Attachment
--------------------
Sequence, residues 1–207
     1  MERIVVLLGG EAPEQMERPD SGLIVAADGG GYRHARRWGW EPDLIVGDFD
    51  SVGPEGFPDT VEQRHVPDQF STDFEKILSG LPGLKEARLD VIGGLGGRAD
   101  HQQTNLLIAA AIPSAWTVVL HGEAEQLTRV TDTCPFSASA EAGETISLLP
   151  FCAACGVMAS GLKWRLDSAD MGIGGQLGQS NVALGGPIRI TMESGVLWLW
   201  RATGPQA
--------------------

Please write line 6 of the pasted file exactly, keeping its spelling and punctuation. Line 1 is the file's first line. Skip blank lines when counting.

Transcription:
   201  RATGPQA